martes, 19 de noviembre de 2013
THE SIMA DE LOS HUESOS SITE: A TAPHONOMICAL REVIEW (Atapuerca Range, Burgos, Spain)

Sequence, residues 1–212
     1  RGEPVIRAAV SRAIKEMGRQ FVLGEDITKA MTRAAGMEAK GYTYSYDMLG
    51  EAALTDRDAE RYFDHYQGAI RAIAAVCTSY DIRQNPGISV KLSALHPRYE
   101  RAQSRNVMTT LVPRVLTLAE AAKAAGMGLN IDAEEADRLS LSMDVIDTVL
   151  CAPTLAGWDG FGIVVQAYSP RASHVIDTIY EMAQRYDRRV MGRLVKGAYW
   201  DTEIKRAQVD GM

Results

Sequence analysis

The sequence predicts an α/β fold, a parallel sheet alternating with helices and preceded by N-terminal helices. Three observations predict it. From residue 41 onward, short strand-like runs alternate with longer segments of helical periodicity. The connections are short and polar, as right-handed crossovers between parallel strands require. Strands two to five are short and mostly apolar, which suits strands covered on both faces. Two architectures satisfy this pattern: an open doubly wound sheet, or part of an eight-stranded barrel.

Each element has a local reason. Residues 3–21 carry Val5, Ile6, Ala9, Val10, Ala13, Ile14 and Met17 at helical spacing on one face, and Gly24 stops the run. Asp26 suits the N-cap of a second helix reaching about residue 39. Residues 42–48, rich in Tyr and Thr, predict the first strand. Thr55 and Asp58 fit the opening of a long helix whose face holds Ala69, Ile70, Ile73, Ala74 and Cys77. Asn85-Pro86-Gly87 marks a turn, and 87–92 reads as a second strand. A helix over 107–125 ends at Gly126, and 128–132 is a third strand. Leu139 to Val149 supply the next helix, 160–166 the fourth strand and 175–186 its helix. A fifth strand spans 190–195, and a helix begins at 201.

THE SIMA DE LOS HUESOS SITE: A TAPHONOMICAL REVIEW (Atapuerca Range, Burgos, Spain) David Rabadà i Vives Museu de Geologia del Seminari de Barcelona Diputació, 231 08007 Barcelona, Spain firstname.lastname@example.org ABSTRACT The Sima de los Huesos site, Atapuerca, contains an important sample of fossilised human bones of Homo heidelbergensis. The nature of the Sima de los Huesos human remains was interpreted as human burials but taphonomical review have given rise to a new interpretation. According to this new data revision this outcrop was originated by different taphonomical mechanisms. Competition between Homo and other predators for the cavity, accidental death by falling into the pit and a feeding trough for felines and canines while the cave had other entrances blocked nowadays, explain this fossil association. The bears fell by accident or die while hibernating there. Homo could suffer sometimes the similar fate but they were victim of large felines or others that ate human remains inside or around the pit. Foxes and other scavengers came later for feeding. The water flows in the cave during heavy rainfalls produced dispersion, mixing and abrasion in all these skeletal remains. During all these processes a low sedimentation rate and a continuous supply of corpses produced the observed fossil concentration. Key words: Taphonomy, human burials, Homo heidelbergensis, Homo neanderthalensis, Sima de los Huesos, Atapuerca, Pleistocene. INTRODUCTION In Sima de los Huesos site more than thirty-two Homo remains were found in only four cubic meters of sediments. These were attributed initially to archaic Homo sapiens (Arsuaga et al., 1993; Bermúdez de Castro et al., 1997) but later they were identified as Homo heidelbergensis (Pérez et al., 1999) and the Sima de los Huesos site contains the highest concentration of these primitive Homo around the world (Bermúdez de Castro et al., 2004). Nowadays this condensation of hominid fossils has been explained as human burials by this primitive Homo who threw their dead relatives to the cave site as a symbolical act (Arsuaga & Martínez, 1999; Arsuaga, 1999; Carbonell et al., 2003; Carbonell & Mosquera, 2006). If this hypothesis is true we would be at the first human funeral rite. This paper reviews the current taphonomical references about it. THE SIMA DE LOS HUESOS SITE The Sima de los Huesos fossil association was originated between 205,000 and 325,000 years ago (Parés et al., 2000) but other investigations talk about 400,000 and 500,000 years ago (Bischoff et al., 2003; Bermúdez de Castro et al., 2003). This fossil site is located at the bottom of a chasm of 13 meters high which falls at the end of a dark gallery of 400 meters as cave profiles have been shown by different authors (Arsuaga et al., 1993; Arsuaga et al., 1997; García & Arsuaga, 2011). At the bottom of the vertical shaft which gives access to the Sima at present, there is an opening at the end of the Sima furthest from the bone pit and topographically one or two meters above it. This passage is completely blocked by large boulders at present, but clearly at some time in the past it was not blocked. This and other entries were described in the Sima de los Huesos site (Arsuaga et al., 1997). For instance, some rocks falling are around the Sima area which involves an old upper entrance during the Middle Pleistocene (Carbonell & Mosquera, 2006). Inside the Sima de los Huesos site only predators have been identified. The Sima de los Huesos site contains a bone-bearing breccia with clayish matrix mainly composed of Ursus deningeri (MNI: 176), Vulpes vulpes (MNI: 21), Canis sp. (MNI: 1), Panthera leo cf. fossilis (MNI: 3), Panthera sp. (jaguar-size; MNI: 1), Felis silvestris (MNI: 1), Lynx pardinus spelaeus (MNI: 2) Martes sp. (MNI: 1), Mustela nivalis (MNI: 2), Mustela putorius (MNI: 3) and Meles meles (MNI: 1) (García, 2003). Therefore this Homo heidelbergensis concentration in the Sima de los Huesos site is associated with bone remains of other carnivores, especially bears and foxes where the main predators with 50 percent of individuals estimated were bears, followed by humans with 11 percent and foxes with 8 percent. The rest, felines, wolves and weasels are a minority (Andrews & Fernández-Jalvo, 1997; Fernández-Jalvo & Andrews, 2001). Therefore, the Sima de los Huesos fossil association has a general absence of herbivores and a clear predominance of bears, hominids and foxes. On the other hand, and when Homo stayed in cavities, they carried preys inside for consumption, producing many cut marks on the bones and collections of stone tools as Cueva del Angel (Barroso et al., 2011). This fact doesn’t happen in the Sima de los Huesos site (Andrews & Fernández-Jalvo, 1997; Fernández-Jalvo & Andrews, 2001), although only one hand axe was found (Carbonell et al., 2003; Carbonell & Mosquera, 2006). The Sima de los Huesos human remains are mixed with others mammals bones and without anatomical connections (Arsuaga et al., 1993) and thirty-two individuals were computed from tooth, jaws and limbs (Arsuaga et al., 1997). For instance, the human remains from Sima de los Huesos, but never entire bodies, have allowed to infer 27 complete long bones to estimate for each bone an average body stature about 163.6 cm for the Sima de los Huesos hominids (Carretero et al., 2012), therefore there aren’t complete human skeletons with anatomical connections in the Sima de los Huesos outcrop until today. The total number of skeletal parts and the inferred number of human individuals show that some 60 % of the bodies’ bones are missing, particularly vertebra, cranial elements and phalanges (Andrews & Fernández-Jalvo, 1997; Fernández-Jalvo & Andrews, 2001). The fossil assemblage shows high amount of jaws and limb bones as femurs, humeri and tibiae which are more frequent than scarce ribs, vertebrae and metacarpials. Therefore there is a clear predominance of arms and legs remains in the Sima de los Huesos site. On the other hand, and according to the tooth studies, the 52 percent of these human remains were adolescents and young adults. In fact, 60 percent of them were less than 19 years old and 90 percent less than 27 (Bermúdez de Castro & Nicolas, 1997; Arsuaga, 1999). There are only the testimonial presence of one individual under the age of 10 years in the Sima de los Huesos site (Bermúdez de Castro et al., 2004). Human bones surface shows a lot of information too. There are many human cranial remains with abrasions and fractures caused by impacts over human remains (Andrews & Fernández-Jalvo, 1997; Fernández-Jalvo & Andrews, 2001). In addition, more than 24 % of the bones are eroded showing abrasions over surfaces of fractures. (Andrews & Fernández-Jalvo, 1997; Fernández-Jalvo & Andrews, 2001). On the other hand, moreover fifty percent of the human remains at Sima de los Huesos are affected by bite marks, especially femora at 96 percent and, in general, on limb bones. RITUAL BURIALS AT THE SIMA DE LOS HUESOS Different articles propose that there were a ritual burials in the Sima de los Huesos site. In summary, there are four aspects which involve this recognized interpretation. The first is the absence of herbivores inside this outcrop, the second the highest concentration of Homo heidelbergensis around the world, the third an Acheulean handaxe and the fourth the human mortality distribution. The absence of herbivores would involve that carnivores didn’t used the site as a den and therefore they didn’t introduce the human remains into the cave in order to eat because not one single herbivore was ever carried (Arsuaga et al., 1997). It is more likely that human and bear bodies were already there and that carnivores came into the cave to eat the carrion. However, the large number of foxes, and the presence of other carnivores, does not favour the hypothesis that carnivores visited the site only to scavenge and eventually died there by natural causes, and would favour the natural trap hypothesis to explain the carnivore accumulation. Moreover, the age-at-death profile of the bear sample in Sima de los Huesos fits better with a catastrophic profile than with an attritional pattern (García et al., 1997). In the end, if human bodies didn’t introduced by big predators which involves that they were carried by human (Arsuaga et al., 1997). The second aspect about human burials at Sima de los Huesos site is the bone remains concentration. These fossil remains are mostly concentrated inside a quite discrete sedimentary level, which cannot be explained by any kind of catastrophic event (Carbonell & Mosquera, 2006). In Sima de los Huesos site more than thirty-two Homo heidelbergensis remains were found in only four cubic meters of sediments, the highest concentration of Homo heidelbergensis around the world and the most complete collection of Middle Pleistocene Homo too (Bermúdez de Castro et al., 2004). This condensation of hominid fossils indicates human burials by this primitive Homo who threw their dead relatives to the cave site as a symbolical act (Arsuaga & Martínez, 1999; Arsuaga, 1999; Carbonell et al., 2003; Carbonell & Mosquera, 2006). The third aspect about ritual burials at Sima de los Huesos site is an Acheulean handaxe. Carbonell defends that Sima de los Huesos was never a hominid occupation place, since no traces of habitation has been discovered, nor a carnivores net, because there are not herbivores remains (Carbonell & Mosquera, 2006). In fact, Sima de los Huesos contains a large variety of carnivores, such as foxes, large felidae, wolfs, mustelids, and bears. The presence of these specimens may be explained as several events of natural falling, hibernation and catastrophic death, particularly clear for the bears’ case. This may be supported by the fact that all these specimens are present along the whole sedimentary sequence. On the contrary, human remains are mostly concentrated inside a quite discrete sedimentary level. The finding of an Acheulean handaxe at the Sima de los Huesos cave site casts light on the evolution of human behaviour during the Middle Pleistocene. It is a finely flaked quartzite handaxe, which is associated with the hominid assemblage. The particular nature of the deposit involving its taphonomy, palaeontology, and technology points to a symbolic meaning both of the tool and the human accumulation. This would support the hypothesis of human mortuary practices at the Sima around 400 kyr ago. This discovery allows us to extend human complex behaviour and symbolism of mortuary rituals 300 kyr earlier than broadly heretofore accepted (Carbonell & Mosquera, 2006). A use-wear analysis could not demonstrate conclusively as to whether this object was actually used, due to erosion of piece’s edges; however, it would seem quite clear that it was not made to be used in the Sima, since the latter was clearly not employed as an occupation site and it was thrown to the chasm as a symbolic act during a ritual burial (Carbonell & Mosquera, 2006). The last aspect about an anthropic origin for the accumulations at the Sima, and according to the tooth studies, is the lack of infants and children with an abnormally high percentage of adolescents and prime-age adults. Also, the number of adults over the age of 20 years is lower than expected in normal models (Bermúdez de Castro & Nicolas, 1997; Arsuaga, 1999). This mortality distribution could be the result of a catastrophe as a sudden death for all the Sima de los Huesos human individuals before the ritual burial (Arsuaga, 1997). Bocquet-Appel and Arsuaga discarded the hypothesis that the site was a primitive cemetery, suggesting instead that the mortality distribution could be the result of a catastrophe, although they did not specify the origin of the accumulation (Bocquet-Appel & Arsuaga, 1999). Considering the biases of the human bone collection, the presence of one hand axe, the human remains concentration and the absence of herbivores, the recognized interpretation is that in the Sima de los Huesos there was an accumulation of human bodies where carnivores were not responsible for the accumulation of the human remains which would indicate the accumulation of human remains could be either catastrophic or the result of a mortuary practice and this explanation should be considered the null hypothesis for future tests (Arsuaga et al., 1993). TAPHONOMICAL DATA REVISION The problem of Sima de los Huesos site is the absence of similar outcrops with equivalent geology and fossil assemblage. The main findings about treatment of the dead during the Pleistocene age come from repeated studies of cut marks, scraping marks, bone breakage of human bones regarded as purposive mortuary practices (Ullrich, 1999) but all these factors are not observed at the Sima de los Huesos site. The occurrence and situation of this outcrop has very few known parallels for the Palaeolithic record. The only remotely analogous finding might be the Cueva del Angel, near Córdoba in Andalusia (Barroso et al., 2011), where a very deep cleft has been identified with animal food refuse, hand axes and human remains inside. At any rate, Sima de los Huesos site only contains human and carnivores remains while Cueva del Angel represents something very different. The assemblage of large herbivores in the Cueva del Angel corresponds to an accumulation of anthropic origin during a long period from the end of the Middle Pleistocene to the beginning of the Upper Pleistocene where humans brought large quantities of meat into the cave, essentially horses and bovids, in the form of dismembered and cut (Barroso et al., 2011). Cueva del Angel fossil assemblage shows an appreciable number of cutmarks and striations (9% of the material) related to defleshing, filleting and disarticulation, and high proportion of burnt elements (88% of the material) while this characteristics doesn’t exits at Sima de los Huesos fossil assemblage. Therefore this outcrop hasn’t direct taphonomical relation with Sima de los Huesos outcrop. Cueva del Angel was a site of intense and continuous occupation for butchering and cooking of animal meat resources predated and transported into the cave by humans and Sima de los Huesos wasn’t it. Therefore, and at the moment, we have to focused our attention in taphonomical and geological data of the Sima. Lost human remains At the Sima were identified thirty-two individuals from 1300 skeletal parts (Arsuaga et al., 1997). This fact offers a very important information. The total number of skeletal parts of thirty-two Homo heidelbergensis is much higher than these 1300 skeletal parts. In fact, they would have to be more than 3.000 which indicates two things. The first, more than sixty percent of the original remains is missing, especially skulls, phalanges and vertebrae (Andrews & Fernández-Jalvo, 1997; Fernández-Jalvo & Andrews, 2001), and the second this association fossil shows a dispersion of large bones. If human remains were carried as a sepulchral rite within in a pit we have to suppose that these were whole bodies and not parts of them. Therefore, we should find dispersion and dismantling lower than this sixty percent of missing remains. All these percentages involve a partial and selective transport of human bones at Sima de los Huesos site (Andrews & Fernández-Jalvo, 1997, Fernández-Jalvo & Andrews, 2001). Abrasions on bones There are many cranial remains with abrasions. Some authors have said that these injuries were caused by impacts of stones when they were fighting or playing to each other (Arsuaga, 1999), but it seems more logical that these scars were produced when water currents reworked the human remains in the cave because there are no signs of cranial healing. People would think that these abrasions were caused by impacts when human bodies fell in the chasm. Weigelt (1989) and White (White et al., 1984) described bone trauma in fallen animals in potholes as a trap but there is a problem with the Sima. When some animals fall in a pit inaccessible to predators they tend to generate fossil associations without bite marks while human remains in the Sima are full of them. On the other hand, and according to the hypothesis that other humans threw dead bodies to the 13 m shaft, it was performed an experiment using human bones to determine the degree of breakage by dropping them from a 13 m height on to a hard concrete surface (Andrews & Fernández-Jalvo, 1997). In the event, most of the bones did not break or were damaged in any way. Altogether the proportion of complete bones was 82%, very different from the 3% in the fossil assemblage of the Sima. This fact does not support the hypothesis that other humans threw dead bodies into the pit (Andrews & Fernández-Jalvo, 1997). It should be added that fossils from the undisturbed deposits showing evidence of rounding because they had 24 % of transverse breaks rounded and 20 % of spiral breaks (Andrews & Fernández-Jalvo, 1997). It is assumed that transverse breaks occur when bones are partially mineralized, and spiral breaks occur at or soon after death. The greater degree of rounding on the transverse breaks indicates that the process producing the rounding must have operated at a time considerably after burial and it suggests reworking as a result of movement of the bones in the sediment. It has been demonstrated that abrasion by silty clay matrix may produce rounding of fossilized bones more rapidly than fresh bone, which again suggests modification some time after deposition (Andrews & Fernández-Jalvo, 1997). In summary, the fossil association of the Sima were mixed and eroded by the cave water currents. Bite marks on bones The Sima de los Huesos human remains show many bite marks on the majority of bones (Andrews & Fernández-Jalvo, 1997; Fernández-Jalvo & Andrews, 2001). The abundance of bears found with humans suggested that those predators perpetrated these bite marks (Rabadà, 2001), but bears chew bones producing a characteristic pattern with rounded epiphyses (Weigelt, 1989; Domínguez-Rodrigo, 1994) which is not found on the association of the Sima de los Huesos human fossils. Namely, there are bite marks from bears on bears bones but not over human bones. On the contrary, there are bite marks from felines or foxes on human remains but not over bear bones. All these reasons indicate that bear and human remains were separated at the first time and was mixed later by water currents which involved the observed abrasion on bones. For instance, occasional excavation of in situ and ex situ deposits near a vertical cave entrance at the formerly mined Plio-Pleistocene Gondolin paleocave system has yielded large and diverse samples of faunas including isolated hominin and non-hominin remains mixed and eroded by cave water currents (Adams et al. 2007). This study highlights the variation in taphonomic processes that can occur within a single cave system, and the complex pre- and postdepositional geological and hydrological processes that can influence the history of karstic fossil assemblages. At the moment it has been conclusively demonstrated that the bears entered the Sima separately from the humans (Andrews & Fernández-Jalvo, 1997; Fernández-Jalvo & Andrews, 2001; Fernández-Jalvo, 2003) and therefore bears didn’t produce the human bone accumulation in the Sima de los Huesos site. On the other hand, a very close relative of the extinguished bear cave, the current European bears, eats its preys outside caves without moving them to the cavities. In fact, they used to hibernate inside caves where they sometimes died and ate themselves producing the rounded epiphyses. This process explains the accumulation of bear bones inside cavities (Haynes, 1983; Weigelt, 1989; Domínguez-Rodrigo, 1994) and bears fossil association in the Sima where they ate themselves inside the cave (García & Arsuaga, 1997; García, 2003). Another important aspect between bears, Homo and other carnivores is the close relation between these species. Bears, Homo heidelbergensis, lions and hyenas used caves as a temporary shelter for millennia, bears as a hibernation place, lions and hyenas as den and humans as a campsite. In summary, the common situation between them was their specialized carnivorous strategies as predators, their competing for similar food resources and caves as a resting place. Therefore Atapuerca range represented an area of ecological competition between these species. In this context, the distribution of human ages shows new information. Human ages distribution Fossils can reflect the mortality rate of the original population. Infant mortality rate in current hunter-gatherer is very high followed by old people (Jones et al., 1992; Howell, 1979) which also occurred in Neanderthal or Homo heidelbergensis populations (Trinkaus, 1995). In fact, the most appropriate name for Homo heidelbergensis is Homo neanderthalensis because some authors talk about a gradual succession of two different chronospecies, Homo heidelbergensis first and Homo neanderthalensis later (Bermúdez de Castro et al., 2004). This data involves that Homo heidelbergensis and Homo neanderthalensis are the same species. In addition, the high variability found in the Sima de los Huesos site indicates that Neanderthals contain the old heidelbergensis chronospecies without any taxonomical problem (Arsuaga & Martínez, 1999). Recently Chris Stringer thinks that the Sima de los Huesos material belongs to the Neandertal clade, and perhaps represents a primitive form of Homo neanderthalensis (Stringer, 2012). Even so, the last spanish authors keep the name Homo heidelbergensis instead of Neanderthal in their publications for practical reasons (Arsuaga & Martínez, 1999; Bermúdez de Castro et al., 2004). In any case, and if the Sima de los Huesos site was generated as intentional burial by Neanderthal populations, it should contain a high number of children and elders, but according to published data, 52 percent of human remains were adolescents and young adults. On the other hand, 60 percent of them were less than 19 years old and 90 percent less than 27 (Bermúdez de Castro & Nicolas, 1997; Arsuaga, 1999). The fragile and delicate remains of infants and children are more severely affected by the action of biostratinomic and fossildiagenetic agents than bones from adolescents and adults. Moreover caves minimize weather action (Hill, 1979; Haynes, 1980). In fact, two hyoid bones and nearly 30 middle ear bones were found in the Sima de los Huesos site (Martínez et al., 2012). Therefore the fossil preservation in Sima de los Huesos site is excellent and the distribution of human ages has to reflect the original corpses number. Accordingly, humans between 0 to 11 years old and over 27 were underrepresented in the Sima de los Huesos site. This predominance of middle age and scarcity of infants and old individuals doesn’t indicate a mortality rate, but something very different, an accident risk rate (Rabadà, 2001). Teens and young adults tend to be fearless and they go away from households more than babies and old people. This fact involves high risk of contingencies for young humans but this accident was not falling inside the hole because the low skeletal fractures rate observed invalidates this hypothesis (Andrews & Fernández-Jalvo, 1997; Fernández-Jalvo & Andrews, 2001). Thus, the main input mechanism of human remains was another. For instance, other authors discarded the hypothesis that the site was a primitive cemetery because the mortality distribution was the result of a catastrophe for all the Sima de los Huesos human individuals, although they did not specify the origin of the accumulation and didn’t explain this human remains concentration (Bocquet-Appel & Arsuaga, 1999). The percentage of human bones shows us a new perspective about this kind of accident. Percentage of bones We have seen that there is a clear predominance of human arms and legs remains in the Sima de los Huesos site. Limb bones as femurs, humeri and tibiae are more frequent than ribs, vertebrae and metacarpials, which are very scarce. All these percentages involve a partial transport of bones at Sima de los Huesos site (Andrews & Fernández-Jalvo, 1997, Fernández-Jalvo & Andrews, 2001). The fact that some 60 % of the bodies’ bones are missing, particularly vertebra, cranial elements and phalanges (Andrews & Fernández-Jalvo, 1997; Fernández-Jalvo & Andrews, 2001), seems to support too this selective transport. In addition, limbs contain a large quantity of meat for feeding while ribs, vertebrae and metacarpials don’t because they contain relatively little nutritional value (Bailey, 1993). Lions, leopards, hyenas or others produced this kind of bones accumulation with predominance of arms and legs. In fact, carnivores rarely fragment metacarpials. For instance, phalanges are nearly absent at many modern hyena dens, and fossil carnivore accumulations often exhibit low numbers of them (Hutson, 2008). Moreover fifty percent of the human remains at Sima de los Huesos are affected by bite marks, especially femora at 96 percent and, in general, on limb bones. Different patterns between anatomical elements and size of tooth marks have found on human bones (Andrews & Fernández-Jalvo, 1997). Femora, tibiae, humeri and radii were more chewed by small scavengers. On the other hand, pelvis, and lumbar vertebrae were chewed by big predators. In fact chewing-marks by small carnivores are absent on the last elements. Therefore, these marks follow, from high to low abundance, the consumption sequence for flesh ingestion, with highest percentages on pelvis and lowest on ulna and radius (Blumenschine, 1986). Therefore, a big carnivore is considered to have had priority access to the human bodies of SH, because hindquarter (axial parts) are affected by their teeth in higher proportions than is present in other elements. Small carnivores activity, therefore, is consistent with scavenging rather than predation (Andrews & Fernández-Jalvo, 1997). All these carnivores produced the first human bone association with high percentage of limbs. Later cave water currents transported and eroded the bones. Carnivores who made bite marks over human remains at Sima de los Huesos site is not clear (Andrews & Fernández-Jalvo, 1997; Fernández-Jalvo & Andrews, 2001) but some authors think that Panthera leo fossilis and Vulpes vulpes were carnivores which produce the main bite marks (Bermúdez et al., 2004). At the moment we can say that incisions over human bones were caused by wolves, foxes and some big feline. The last of them had access to the remains before canines (Andrews & Fernández-Jalvo, 1997; Fernández-Jalvo & Andrews, 2001). Opportunistic predators as lion or leopard used to concentrate bone preys. Since Pleistocene hominid hunter-gatherers are regarded as apex carnivores in a competitive carnivore guild (Eaton, 1994). The total of some 32 individuals at Sima de los Huesos site as preys would not be out of character with a comparatively low rate of predation on ancient humans by medium or large carnivores at the site. Therefore large carnivores hunted human individuals during Pleistocene and many carnivore species was involved. Spotted hyenas, and their proximal Pleistocene ancestors, Crocuta spelaea, are known to dig up buried humans in Ethiopia, and equivalent examples come from some Late Pleistocene caves with Neanderthal remains in Southwest France, and also in Monte Circeo, Italy. Moreover hyenas use to break bones with high intensity (Palmqvist et al., 2011). According to low fracture level in the Sima de los Huesos fossil association hyena was not the main bone-cracking producer. At the moment, big felines ate first human flesh near the Sima de los Huesos site and later scavengers chewed the rest. Absence of herbivores The absence of herbivores in the Sima site is not strange. Some caves are known in a great variety of circumstances where it is unusual to find carnivores being the only fossil animals. For instance, the reconstructed taphonomic and paleoenvironmental contexts of 4 million-year-old partial hominid skeleton (Stw 573) from Sterkfontein Member 2 shows a mammalian faunal assemblage associated stratigraphically with the hominid dominated by cercopithecoids (Parapapio and Papio) and felids (Panthera pardus, P. leo,Felis caracal, and Felidae indet.) but not herbivores. In addition, the assemblage is characterized by a number of partial skeletons of bones across all taxonomic groups. In fact there is scant indication of carnivore chewing in the assemblage (Rayne et al. 2004) as the Sima occurred. Another example is the late Pleistocene asphalt seeps of Rancho La Brea where their assemblage of carnivores with large number of dire wolf and sabertooth cat specimens are more frequent than herbivores remains. The hypothesis that predators engaged in intense competition for trapped prey, explains their predomination and the mechanism of this predator trap (McHorse et al. 2012). Therefore the predominance of carnivore specimens in the Rancho La Brea deposits has long been explained by a scenario in which a prey animal was trapped and attracted large numbers of carnivores who became trapped (Spencer et al. 2003). However, patterns of skeletal part representation for the seven most common species demonstrate that complete skeletons are not present. Water transport, as Sima de los Huesos site, is ruled out as the primary process responsible for removing skeletal elements based on abrasion data. Instead, the feeding activity of carnivores and the ecological context appear to have been an important factor in the formation of the assemblage (Spencer et al. 2003). In summary, very different landscapes and contexts explain the predominance or absence of herbivores in cave deposits. Therefore, the scene context is very important for knowing bones association factors. The Sima was located on small range far away from the plains. If those big felines haunted herbivores they killed and ate them in the plains around the current Atapuerca range. Herbivores don’t stay a long time inside mountains and forests because they prefer open fields to avoid predators and inside caves there is not grass for them. In addition, large predators as lions and leopards move corpses only hundred meters (Schaller, 1972; Kitchner, 1991; Bailey, 1993) but the Sima de los Huesos was a long way from the plains. On the other hand, the carnivore taxonomic diversity found in Sima de los Huesos is particularly high likely corresponding to high ecosystem productivity (García, 2003) which involves two things: there were a lot of herbivores living in those plains and the Atapuerca range represented an area of ecological competition between all theirs carnivores, Homo included. The last suffered a high risk of contingencies as depredation by big carnivores which explains the predominance of middle age and scarcity of infants and old individuals. In and out The next problem to solve is how big felines came in and out of the pit if they really ate human flesh at the bottom of the chasm. They ate young and inexpert humans while canines came later for scavenging (Andrews & Fernández-Jalvo, 1997; Fernández-Jalvo & Andrews, 2001). Nowadays the Sima de los Huesos site is located at the bottom of a chasm of 13 meters high but caves change a lot during geological processes. In fact, water does not dilute limestone in a karst system entering and exiting through the same place. The cavities formation produced accesses higher than others. Water flows inside by first entrances and escapes by lower. Collapse and debris flows happen during this process burying old entrances and exits. Therefore, there were more accesses in the Sima de los Huesos. Felines and canines came in and went out of or around the actual cavity through all these old buried caves by slumps. In fact, there are different blocked passages in the Sima. At the bottom of the vertical shaft which gives access to the Sima at present, there is an opening at the end of the Sima furthest from the bone pit and topographically one or two meters above it. This passage is completely blocked by large boulders at present, but clearly at some time in the past it was not blocked. This and other entries were described in the Sima de los Huesos site but they were discarded and considered as old passages sealed 400,000 years ago (Arsuaga et al., 1997). Nevertheless some rocks falling are around the Sima area which involves an old upper entrance during the Middle Pleistocene (Carbonell & Mosquera, 2006). Nowadays there is no age data about it and the slump age is not studied. In any case, all those cavities, or one of them, were the access at that time explaining entrances and exits of carnivores to the pit or a feeding place around the cave. They produced the primary accumulation of human remains which was transported and reworked by water currents later. When the cave was closed by slumps, the only entrance was the actual pit where accidental falling introduced bears during the hibernation while humans frequently lived near these cavities being potential victims for large predators. Concentration of bone remains The Sima de los Huesos outcrop shows a high concentration of human bone remains with excellent fossil preservation (Andrews & Fernández-Jalvo, 1997; Fernández-Jalvo & Andrews, 2001). The discussion about this site has to be focused on concentration mechanisms of bones. There are many causes which accumulate skeletal remains in caves and caverns (Weigelt, 1989; Brain, 1958; Behrensmeyer, 1978; Brain, 1981; Andrews, 1990; Domínguez-Rodrigo, 1994). The presence of vertebrate fossils in caves can be caused by rodents or predators carrying the bones, hibernation, reproduction, natural traps, mud and debris flows, sudden death by karst collapse, flooding inside cavity or illness of a group of organisms. All these mechanisms have explained the presence of skeletal remains inside caves, but not necessarily its concentration. There are three contexts which can produce this fact. First context is continuous supply of corpses for a short period of time (Andrews, 1990), second is eventual supplies for a long time (Andrews, 1990) and third a low sedimentation rate (Rabadà, 1990). Combinations of these three contexts accumulate and concentrate bones inside caves. The first, continuous supply of dead bodies is common in colonial animals. An example of this are bats (Andrews, 1990), but the hunter-gatherers current population density is very low (Jones et al., 1992; Howell, 1979) as well as social predators as wolves and felines (Vicente et al., 1999). Predators need large areas for survival which involves a very low population density. On the other hand, the absence of cut marks in Sima de los Huesos bones indicates that there was not a substantial hominid colony inside or near the pit. Therefore, the concentration of corpses in the Sima was given by other processes. The second reason for the concentration of bones, slight remains contribution for long periods, has many examples like feeding regurgitation by owls and eagles (Andrews, 1990), feeding troughs (Brain, 1958), falls into trap chambers (Morris, 1974; White et al., 1984; Andrews, 1990), troughs (Vrba, 1980) and hibernating places (Kurtén, 1958; Kurtén, 1976). Feeding troughs near the Sima site were an easy interpretation for human remains in the Sima de los Huesos outcrop. This situation involves continuous and eventual supply of corpses producing the bones concentration. The third context, low sedimentation rates allowed too the observed concentration of bones. Cave clays belong to limestone non-soluble fraction. Cavities are due to calcium carbonate dissolution. High percentage of limestone is soluble in water, but a small part of clays are not. Therefore, clay generation during a cave formation is scarce and karst cavities don’t usually involve rapid burial mechanisms (Smith, 1975; Atkinson & Smith, 1976; Sorriaux, 1982). This context involved the observed low sedimentation rate inside cavities. The idea is simple, many bones inside a low clay percentage produces a level of bones condensation. This new explanation is contingent with three more aspects from Atapuerca site. The first is the observed abrasion in 24 percent of human remains (Andrews & Fernández-Jalvo, 1997; Fernández-Jalvo & Andrews, 2001). The low sedimentation production allowed a high bone transport rate inside karst, which involved the observed bone fragmentation and abrasion by reworking. More than 24 % of the bones are eroded by water currents which transported this first fossil assemblage inside the chasm (Andrews & Fernández-Jalvo, 1997; Fernández-Jalvo & Andrews, 2001). The second reason is the mixed fauna found in the Sima de los Huesos site which happens very often in fossil condensation levels. And the third aspect was the different sedimentation ages found in the outcrop. According to a first sample this age was between 325,000 to 205,000 years old (Parés et al., 2000), but another measure proposed an age between 400,000 to 500,000 years old (Bischoff et al., 2003; Bermúdez de Castro et al., 2003). Condensation levels mix fossils from different ages as in the Sima de los Huesos happened. This data dispersion was due to a low sedimentation rate in the Sima de los Huesos pit. Given the actual time scale by palaeomagnetism and uranium thorium, much of this fossil human accumulation covered a substantial time span in excess of 100,000 years. For instance, the Rancho La Brea tar pits reveals a complex history of accumulation, concentration and diagenesis for specimens found there. Radiometric dating of 46 bones from Pit 91 documents at least two episodes of deposition, one from 45,000 to 35,000 yr and another, shorter interval from 26,500 to 23,000 yr. (Friscia et al. 2008). In summary, a continuous supply of corpses for a long period of time and a low sedimentation production produced the observed fossil concentration at the Sima de los Huesos. One handaxe The only one hand axe found in the Sima de los Huesos was considered as a symbolic act during a ritual burial when Homo heidelbergensis threw this tool into the chasm (Carbonell & Mosquera, 2006). Traceology studies reveal that the hand axe does not show use-wear traces because there is microscopic erosion on the edges of the hand axe. According to experimental data, this abrasion was produced by sandy sediments (Carbonell & Mosquera, 2006). Therefore, this hand axe was a reworked element as the rest of human remains. CONCLUSIONS A monolithic interpretation does not explain natural processes because these are consequences of a network of causes. The Sima de los Huesos fossil association was considered only as a human burial site by other authors, but according to geological and taphonomical data review this outcrop was originated by different mechanisms. 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